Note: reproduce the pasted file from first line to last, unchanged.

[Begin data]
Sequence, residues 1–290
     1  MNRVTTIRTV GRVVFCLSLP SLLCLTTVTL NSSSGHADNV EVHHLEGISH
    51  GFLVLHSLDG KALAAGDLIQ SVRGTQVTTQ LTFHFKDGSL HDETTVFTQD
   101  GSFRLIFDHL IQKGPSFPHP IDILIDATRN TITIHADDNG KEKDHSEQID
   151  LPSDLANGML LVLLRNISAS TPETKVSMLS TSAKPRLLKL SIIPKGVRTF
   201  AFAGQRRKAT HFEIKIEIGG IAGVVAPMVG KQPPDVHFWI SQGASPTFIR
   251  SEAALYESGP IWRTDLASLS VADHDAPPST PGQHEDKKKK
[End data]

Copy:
Sequence, residues 1–290
     1  MNRVTTIRTV GRVVFCLSLP SLLCLTTVTL NSSSGHADNV EVHHLEGISH
    51  GFLVLHSLDG KALAAGDLIQ SVRGTQVTTQ LTFHFKDGSL HDETTVFTQD
   101  GSFRLIFDHL IQKGPSFPHP IDILIDATRN TITIHADDNG KEKDHSEQID
   151  LPSDLANGML LVLLRNISAS TPETKVSMLS TSAKPRLLKL SIIPKGVRTF
   201  AFAGQRRKAT HFEIKIEIGG IAGVVAPMVG KQPPDVHFWI SQGASPTFIR
   251  SEAALYESGP IWRTDLASLS VADHDAPPST PGQHEDKKKK